WICKER PARK — About a month ago, as COVID-19 spread across the United States, Wicker Park resident Lauren Nepomuceno felt she needed to find a way to help.
The IT worker teamed up with seamstress and cosplayer Monica Paprocki on an ambitious citywide mission to make cloth face masks for Chicago’s first responders and essential workers.
As of Monday their group, Masks 4 Chicago, had 654 members who have produced about 3,000 masks — all of which have been donated to workers.
And demand keeps growing.
“Some hospitals say we need 500-plus, or ‘any’ that you have … it goes to show they’ll take whatever they can take,” Nepomuceno said. “Everyone has been super grateful.”
Hundreds of masks have gone to hospitals, where health care workers have told Nepomuceno they need cloth masks to drape over their re-used N95 respirator masks.
The group also provided masks to The Haymarket Center, a rehabilitation center in West Loop where a recent COVID-19 outbreak left two dead, the Sun-Times reported.
For some essential workers these hand sewn washable masks are the first — and only — Personal Protection Equipment they’ve received since the start of the COVID-19 outbreak.
In the early days of the Masks 4 Chicago group Nepomuceno, an expert in distributions logistics, set up a neighborhood P.O. Box in Wicker Park. That’s where group members have been sending completed masks and material donations.
Paprocki, a professional sewer herself, has been in charge of quality control, vetting the product before it’s distributed. She checks to make sure all hospital donations are large enough to actual fit over an N95.
The group members hail from all over the Chicago area, their skill levels and years of experience varied.
There’s Karol Kadechka, a Wicker Park resident of 32 years who learned to sew as a young girl in her hometown in South Dakota. As of Monday she’s made and donated 205 masks.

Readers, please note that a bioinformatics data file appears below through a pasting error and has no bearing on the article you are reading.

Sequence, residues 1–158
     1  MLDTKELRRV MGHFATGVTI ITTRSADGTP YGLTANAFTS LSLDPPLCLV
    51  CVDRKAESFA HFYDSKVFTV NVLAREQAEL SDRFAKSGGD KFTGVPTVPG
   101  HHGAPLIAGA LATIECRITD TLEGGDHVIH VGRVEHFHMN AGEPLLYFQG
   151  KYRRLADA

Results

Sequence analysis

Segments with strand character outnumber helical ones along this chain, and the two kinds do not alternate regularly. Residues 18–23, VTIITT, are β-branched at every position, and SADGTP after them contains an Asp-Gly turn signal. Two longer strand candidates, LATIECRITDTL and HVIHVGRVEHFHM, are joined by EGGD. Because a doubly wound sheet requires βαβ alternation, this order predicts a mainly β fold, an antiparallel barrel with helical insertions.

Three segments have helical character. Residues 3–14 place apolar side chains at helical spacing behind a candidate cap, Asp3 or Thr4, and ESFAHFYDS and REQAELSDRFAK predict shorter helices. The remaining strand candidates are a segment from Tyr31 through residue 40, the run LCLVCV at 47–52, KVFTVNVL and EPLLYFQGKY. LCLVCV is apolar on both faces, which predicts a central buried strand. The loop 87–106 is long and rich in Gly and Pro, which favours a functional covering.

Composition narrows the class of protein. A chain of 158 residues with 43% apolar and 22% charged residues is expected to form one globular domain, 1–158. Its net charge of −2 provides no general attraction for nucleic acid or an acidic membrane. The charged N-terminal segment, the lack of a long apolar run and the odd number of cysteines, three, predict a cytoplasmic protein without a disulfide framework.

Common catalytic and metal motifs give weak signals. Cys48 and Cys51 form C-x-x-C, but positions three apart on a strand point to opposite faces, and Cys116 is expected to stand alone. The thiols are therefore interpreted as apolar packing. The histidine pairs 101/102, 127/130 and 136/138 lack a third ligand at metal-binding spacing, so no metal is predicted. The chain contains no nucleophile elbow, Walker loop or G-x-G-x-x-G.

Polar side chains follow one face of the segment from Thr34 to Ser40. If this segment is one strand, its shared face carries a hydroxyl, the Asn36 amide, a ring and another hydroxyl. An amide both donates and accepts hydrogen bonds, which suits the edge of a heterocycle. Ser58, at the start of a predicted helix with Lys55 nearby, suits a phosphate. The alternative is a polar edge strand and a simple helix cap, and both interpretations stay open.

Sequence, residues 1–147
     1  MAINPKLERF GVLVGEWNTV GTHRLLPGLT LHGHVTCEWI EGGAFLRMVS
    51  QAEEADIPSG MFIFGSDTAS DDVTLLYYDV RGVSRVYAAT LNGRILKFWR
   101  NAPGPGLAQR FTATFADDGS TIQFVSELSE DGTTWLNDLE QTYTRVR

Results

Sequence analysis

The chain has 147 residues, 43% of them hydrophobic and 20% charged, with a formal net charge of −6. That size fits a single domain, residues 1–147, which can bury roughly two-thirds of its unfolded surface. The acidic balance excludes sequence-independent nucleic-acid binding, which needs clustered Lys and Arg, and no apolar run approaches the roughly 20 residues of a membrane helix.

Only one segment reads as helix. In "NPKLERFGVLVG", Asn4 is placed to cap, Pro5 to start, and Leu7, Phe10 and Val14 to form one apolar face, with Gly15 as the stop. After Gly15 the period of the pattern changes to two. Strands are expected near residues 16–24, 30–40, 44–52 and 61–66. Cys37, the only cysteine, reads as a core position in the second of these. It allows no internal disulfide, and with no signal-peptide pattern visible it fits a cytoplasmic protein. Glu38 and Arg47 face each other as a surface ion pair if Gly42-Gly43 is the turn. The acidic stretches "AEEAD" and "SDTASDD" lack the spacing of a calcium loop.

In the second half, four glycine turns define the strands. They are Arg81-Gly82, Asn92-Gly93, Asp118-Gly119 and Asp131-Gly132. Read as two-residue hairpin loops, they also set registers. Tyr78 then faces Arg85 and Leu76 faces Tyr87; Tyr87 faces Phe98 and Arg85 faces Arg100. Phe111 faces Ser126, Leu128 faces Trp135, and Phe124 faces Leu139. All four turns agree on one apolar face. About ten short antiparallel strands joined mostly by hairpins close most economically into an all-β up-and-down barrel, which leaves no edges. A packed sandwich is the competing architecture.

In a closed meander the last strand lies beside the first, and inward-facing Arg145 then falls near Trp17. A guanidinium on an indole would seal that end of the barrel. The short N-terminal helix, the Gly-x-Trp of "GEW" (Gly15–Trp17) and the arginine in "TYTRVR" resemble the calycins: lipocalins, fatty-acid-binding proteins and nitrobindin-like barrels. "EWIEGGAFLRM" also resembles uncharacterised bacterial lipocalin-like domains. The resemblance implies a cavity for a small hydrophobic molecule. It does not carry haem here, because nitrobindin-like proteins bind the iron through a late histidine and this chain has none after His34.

“Everyone learned how to sew where I grew up … I was sewing most of my children’s clothes when they were little,” she said. “I think everybody just feels positive that it’s something we can do to be helpful. We’re not police officers, we’re not nurses or doctors. It’s just wanting to do something.”
Then there’s Ariel Hantin, a 41-year-old financial analyst and Wicker Park resident who began sewing last year after promising her husband she’d remake their outdoor patio cushions.
She still hasn’t gotten around to the cushions, but she has learned how to make cloth masks. As of Monday’s she’s donated 45 masks.
Hantin said she hopes other sewing novices are inspired to pick up the hobby and join the fight.
“It’s all hands on deck right now,” she said. “I never thought in my lifetime with the technology and medicine that we have that I’d be witnessing a pandemic like this. … I just want to help where I can.”
Learn more about the group on its website.
Want to get involved as a volunteer sewer or driver? Have materials to donate? Click here.
To the sewers, Nepomuceno said she hopes they know their efforts are greatly “appreciated” by first responders.
“We can’t stress enough, please keep sewing,” she said. “It really helps because they can see, ‘Hey I made that mask, that’s my creation.’ There’s some really great masks out there. People did a really great job.”
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